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AP pair tells of woman’s remorse at exposing her father to COVID

Michelle Pepe tries to smell her late father's wallet while going through his belongings one year after he died of the coronavirus, in Sharon, Mass., on Wednesday, April 14, 2021. After contracting the virus herself, Pepe lost and has not regained her sense of smell. She keeps her father's belongings in hopes that one day it comes back and she can smell him again. (AP Photo/Jessie Wardarski)

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Youth and faith reporter Luis Henao and visual journalist Jessie Wardarski, both New York-based members of AP’s religion team, captured in a poignant story what thousands of people around the world are living with — the guilt and remorse of believing they inadvertently infected a loved one who died of COVID-19.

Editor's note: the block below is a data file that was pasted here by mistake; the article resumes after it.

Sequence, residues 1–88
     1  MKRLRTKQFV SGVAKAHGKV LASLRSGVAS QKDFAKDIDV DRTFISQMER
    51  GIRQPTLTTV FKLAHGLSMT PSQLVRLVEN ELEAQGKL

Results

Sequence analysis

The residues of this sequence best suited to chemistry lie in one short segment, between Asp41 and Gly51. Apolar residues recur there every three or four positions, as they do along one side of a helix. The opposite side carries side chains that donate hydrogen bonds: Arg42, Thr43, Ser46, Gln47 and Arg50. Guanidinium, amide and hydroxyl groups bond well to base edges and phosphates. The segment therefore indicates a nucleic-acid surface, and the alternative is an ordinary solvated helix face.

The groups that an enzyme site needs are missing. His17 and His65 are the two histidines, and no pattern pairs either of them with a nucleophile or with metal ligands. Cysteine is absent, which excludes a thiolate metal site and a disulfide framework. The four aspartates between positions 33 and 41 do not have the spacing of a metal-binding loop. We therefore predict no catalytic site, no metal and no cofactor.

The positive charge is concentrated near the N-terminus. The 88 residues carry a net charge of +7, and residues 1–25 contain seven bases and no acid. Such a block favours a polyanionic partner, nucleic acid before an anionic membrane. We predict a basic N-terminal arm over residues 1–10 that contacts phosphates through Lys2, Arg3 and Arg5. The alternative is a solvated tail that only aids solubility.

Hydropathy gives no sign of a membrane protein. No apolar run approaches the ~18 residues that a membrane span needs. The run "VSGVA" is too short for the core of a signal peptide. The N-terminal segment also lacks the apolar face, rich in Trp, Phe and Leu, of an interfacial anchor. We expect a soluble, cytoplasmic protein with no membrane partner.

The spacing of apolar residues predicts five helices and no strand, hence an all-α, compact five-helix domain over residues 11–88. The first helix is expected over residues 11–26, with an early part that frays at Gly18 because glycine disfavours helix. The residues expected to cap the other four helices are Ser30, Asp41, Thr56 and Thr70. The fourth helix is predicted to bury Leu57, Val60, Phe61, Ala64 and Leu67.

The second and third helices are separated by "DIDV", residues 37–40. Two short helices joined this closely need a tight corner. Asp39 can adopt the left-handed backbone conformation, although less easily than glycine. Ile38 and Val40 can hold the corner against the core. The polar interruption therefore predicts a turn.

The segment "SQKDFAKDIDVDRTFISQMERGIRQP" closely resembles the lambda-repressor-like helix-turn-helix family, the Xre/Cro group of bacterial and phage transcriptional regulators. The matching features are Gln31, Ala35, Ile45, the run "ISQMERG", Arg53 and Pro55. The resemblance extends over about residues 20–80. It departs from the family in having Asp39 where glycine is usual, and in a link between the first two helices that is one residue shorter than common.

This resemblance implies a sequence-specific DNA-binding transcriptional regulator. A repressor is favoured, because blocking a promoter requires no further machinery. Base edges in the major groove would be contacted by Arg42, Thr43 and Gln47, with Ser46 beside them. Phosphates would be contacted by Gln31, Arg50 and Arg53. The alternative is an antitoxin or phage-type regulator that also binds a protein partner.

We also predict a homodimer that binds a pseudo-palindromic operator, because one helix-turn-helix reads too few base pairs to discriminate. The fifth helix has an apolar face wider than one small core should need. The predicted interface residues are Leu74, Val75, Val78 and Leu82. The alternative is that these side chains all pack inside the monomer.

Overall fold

One of those feeling responsibility is Michelle Pepe, traveled from Boston to Florida for her mother’s 80th birthday In March 2020, just as the pandemic bloomed in the U.S. Pepe believes she gave the coronavirus to her father, Bernie Rubin, who died weeks later.

The intimate story,eloquently told in all formats by Henao and Wardarski,resonated with AP customers and readers at home and abroad,with many sharing their own stories and fears on social media. Pepe,featured in the story,thanked the pair in an email and said she was inundated with requests from broadcasters to tell her story,which might help people in similar circumstances. But she hadn’t watched the whole AP video yet, saying: “I need to prep myself.”

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Michelle Pepe holds a bouquet of yellow roses on her father’s grave as family and friends watch in Sharon, Mass., April 13, 2021. – AP Photo / Jessie Wardarski
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